New York is pushing a major project to repair the antiquated Penn Station, using tax-subsidized private real estate development to finance public infrastructure repair. But a new report from my colleagues at the New School’s Schwartz Center shows not only a potential $3 billion gap in project financing, but also a lack of transparency which undercuts informed public debate.
The report was commissioned by Reinvent Albany, advocates for “transparent and accountable New York State government.” The group has endorsed economic development reform legislation for the state, to increase transparency and public oversight of economic development spending.
The Penn Station report is their latest criticism of Governor Kathy Hochul, who already has brokered a bad deal using state funds to subsidize a billionaire owner’s football stadium in Buffalo, and used the state budget process to get a $10 billion slush fund for semiconductor manufacturing without any effective transparency or public oversight.
Bridget Fisher and Flávia Leite, the report’s authors, are my colleagues in the New School’s Critical Public Finance program. They previously analyzed the problems and potential costs of New York City’s Hudson Yards project. Although Hudson Yards was sold to the public as being “self-financing,” Fisher and Leite showed unacknowledged potential public costs of up to $2.2 billion.
Fisher and Leite now estimate this new Penn Station project could be short by over $3 billion. They are careful, using “optimistic” assumptions regarding potential revenues from the project to not generate a worst-case scenario. They stick to the facts, and don’t engage in blaming any elected official while pointing out the project’s risks.
Critics of the Penn Station project may use the report to try and stop the project altogether. I’m a former New York State Deputy Commissioner of Economic Development in New York State and I know how hard it is to get projects done. But Fisher and Leite don’t take a position on the ultimate wisdom of the project. And their research could be used to create a transparent and accountable public investment.
Fisher notes their study “assumes everything goes right for the state,” but also says “less than perfect conditions”—such as a recession or a continuing slump in the Manhattan office market—mean “these potential revenues will likely go down.”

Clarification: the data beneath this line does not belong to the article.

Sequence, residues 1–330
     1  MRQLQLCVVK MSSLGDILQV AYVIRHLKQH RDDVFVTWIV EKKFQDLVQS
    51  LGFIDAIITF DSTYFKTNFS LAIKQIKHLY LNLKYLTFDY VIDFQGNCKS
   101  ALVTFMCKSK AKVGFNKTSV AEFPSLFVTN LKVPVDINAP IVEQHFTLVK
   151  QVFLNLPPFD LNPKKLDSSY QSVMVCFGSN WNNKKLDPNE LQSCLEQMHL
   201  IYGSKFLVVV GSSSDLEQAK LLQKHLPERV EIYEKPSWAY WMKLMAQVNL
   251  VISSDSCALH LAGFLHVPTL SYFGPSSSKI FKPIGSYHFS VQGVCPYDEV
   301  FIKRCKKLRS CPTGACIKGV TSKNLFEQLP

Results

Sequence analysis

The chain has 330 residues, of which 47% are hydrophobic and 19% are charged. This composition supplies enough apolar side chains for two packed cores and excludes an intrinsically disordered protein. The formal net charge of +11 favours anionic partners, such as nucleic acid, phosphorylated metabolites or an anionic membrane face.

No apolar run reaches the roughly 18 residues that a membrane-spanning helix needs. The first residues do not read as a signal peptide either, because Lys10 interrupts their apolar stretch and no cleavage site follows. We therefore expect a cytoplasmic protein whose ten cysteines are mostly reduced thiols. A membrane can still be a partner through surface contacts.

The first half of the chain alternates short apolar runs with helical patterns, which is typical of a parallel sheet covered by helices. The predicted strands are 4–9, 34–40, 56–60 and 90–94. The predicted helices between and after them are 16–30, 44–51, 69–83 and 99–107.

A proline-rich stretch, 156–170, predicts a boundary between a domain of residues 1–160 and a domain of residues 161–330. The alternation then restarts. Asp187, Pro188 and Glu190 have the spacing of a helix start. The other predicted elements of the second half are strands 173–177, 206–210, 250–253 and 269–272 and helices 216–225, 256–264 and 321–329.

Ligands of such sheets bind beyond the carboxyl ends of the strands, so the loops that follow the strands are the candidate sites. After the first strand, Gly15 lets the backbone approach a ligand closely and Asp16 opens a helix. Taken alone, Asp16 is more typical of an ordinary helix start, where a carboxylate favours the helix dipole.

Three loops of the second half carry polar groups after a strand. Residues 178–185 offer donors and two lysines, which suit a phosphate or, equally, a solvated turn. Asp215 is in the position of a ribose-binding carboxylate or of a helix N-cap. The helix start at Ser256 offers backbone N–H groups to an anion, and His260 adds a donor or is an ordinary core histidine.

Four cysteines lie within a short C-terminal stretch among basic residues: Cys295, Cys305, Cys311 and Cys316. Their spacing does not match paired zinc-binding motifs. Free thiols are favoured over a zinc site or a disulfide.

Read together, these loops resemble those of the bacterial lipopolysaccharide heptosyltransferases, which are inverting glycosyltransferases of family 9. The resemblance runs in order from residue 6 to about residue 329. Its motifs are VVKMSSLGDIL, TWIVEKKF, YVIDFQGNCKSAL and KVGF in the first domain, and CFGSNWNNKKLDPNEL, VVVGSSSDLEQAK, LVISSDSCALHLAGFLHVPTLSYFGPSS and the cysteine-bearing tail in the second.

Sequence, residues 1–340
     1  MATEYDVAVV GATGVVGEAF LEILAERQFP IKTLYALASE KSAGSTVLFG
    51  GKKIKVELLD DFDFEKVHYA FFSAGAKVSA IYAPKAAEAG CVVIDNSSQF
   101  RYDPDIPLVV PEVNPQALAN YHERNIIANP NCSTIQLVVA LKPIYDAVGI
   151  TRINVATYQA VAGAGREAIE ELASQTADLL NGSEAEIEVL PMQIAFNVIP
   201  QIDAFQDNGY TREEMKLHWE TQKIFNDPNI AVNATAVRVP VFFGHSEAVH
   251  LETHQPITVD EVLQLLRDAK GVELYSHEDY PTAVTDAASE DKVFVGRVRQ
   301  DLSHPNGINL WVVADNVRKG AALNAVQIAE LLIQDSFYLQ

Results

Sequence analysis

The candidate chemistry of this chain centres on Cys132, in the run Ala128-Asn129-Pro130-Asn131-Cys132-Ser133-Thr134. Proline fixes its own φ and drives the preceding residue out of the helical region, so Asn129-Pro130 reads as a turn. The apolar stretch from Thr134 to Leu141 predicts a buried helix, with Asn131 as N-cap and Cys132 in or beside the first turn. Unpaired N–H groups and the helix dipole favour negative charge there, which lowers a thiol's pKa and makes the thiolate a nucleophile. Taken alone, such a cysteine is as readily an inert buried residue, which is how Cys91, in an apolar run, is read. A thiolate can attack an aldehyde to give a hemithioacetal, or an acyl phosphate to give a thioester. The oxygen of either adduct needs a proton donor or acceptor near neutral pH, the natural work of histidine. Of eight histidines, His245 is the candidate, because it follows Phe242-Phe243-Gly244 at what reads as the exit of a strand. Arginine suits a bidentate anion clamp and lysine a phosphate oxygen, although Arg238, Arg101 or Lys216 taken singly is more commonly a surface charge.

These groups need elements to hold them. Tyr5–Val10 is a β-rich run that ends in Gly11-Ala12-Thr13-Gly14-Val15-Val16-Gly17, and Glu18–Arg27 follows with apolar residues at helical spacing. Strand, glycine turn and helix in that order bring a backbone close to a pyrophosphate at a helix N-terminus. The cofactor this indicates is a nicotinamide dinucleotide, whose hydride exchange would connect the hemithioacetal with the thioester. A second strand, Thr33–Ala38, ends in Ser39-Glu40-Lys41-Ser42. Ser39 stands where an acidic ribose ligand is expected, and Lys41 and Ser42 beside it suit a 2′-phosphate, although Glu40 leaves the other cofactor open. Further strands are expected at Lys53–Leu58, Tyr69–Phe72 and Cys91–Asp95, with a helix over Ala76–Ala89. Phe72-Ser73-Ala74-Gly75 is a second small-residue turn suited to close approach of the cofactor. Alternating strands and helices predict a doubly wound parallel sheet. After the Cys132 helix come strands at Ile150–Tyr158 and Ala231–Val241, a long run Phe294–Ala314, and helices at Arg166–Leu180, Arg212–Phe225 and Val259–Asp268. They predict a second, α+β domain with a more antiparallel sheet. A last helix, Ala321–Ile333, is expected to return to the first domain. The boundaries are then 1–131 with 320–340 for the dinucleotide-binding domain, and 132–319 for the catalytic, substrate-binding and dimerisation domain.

They also note the lack of transparency, saying “the lack of information…regarding the proposed project’s overall financing and expected timeframe” required them to use their Hudson Yards study methodology. A vote approving the project is scheduled for July 21, and a spokesman for Empire State Development (ESD, the state agency overseeing the project) said they will disclose financial information prior to that.
ESD’s promise simply underscores the lack of transparency on this project. Promising detailed financial information only a week before approving it gives legislators and the public no time to analyze the data and respond. (As of this writing, ESD hasn’t released the information.)
The Penn Station plan, like Hudson Yards, relies on so-called “value capture” or “tax increment financing” (TIF), using tax breaks to incentivize profitable private projects and assuming the government later captures some of those profits for public projects. But the two researchers, along with urbanist Rachel Weber, have argued in the Journal of the American Planning Association that such financing, especially without transparency and oversight, can result in “jeopardizing the payback streams and inflating risks shouldered by the public sector.”
There’s no question (at least for me) that Penn Station and the surrounding area needs work. The station is run down, and then-Governor Andrew Cuomo proposed building ten new office towers nearby and using project revenues to pay for station upgrades and repairs. Cuomo was forced from office in 2021 by sexual harassment scandals, with then-Lt. Governor Hochul rising to the governorship.
Upon taking office, Hochul promised a “new era of transparency” and a “focus on open, ethical governing.” But at least in economic development—the Buffalo stadium, the semiconductor fund, and now Penn Station—her behavior is the same old, same old pattern of opaque deal making.
In part to increase transparency, several New York elected officials have called on Governor Hochul to create a new public benefit corporation to oversee the Penn Station project, arguing that will “ensure an appropriate amount of local and stakeholder input and coordination.” But the officials don’t fully criticize the project’s financial risks, so just creating a new project overseer won’t solve the basic financial problem.
As Fisher and Leite’s splendid work shows, without transparency, we can’t estimate the project’s benefits and we may all be on the hook for billions in undisclosed costs. These risks occur wherever tax breaks are offered for promises of future revenues and costless development.
In New York, Penn Station could be where Governor Hochul’s promise of “a new era of transparency” becomes real, with public investment creating actual, measurable benefits for working people. If it does, credit will go in part to dedicated analysts like Fisher and Leite.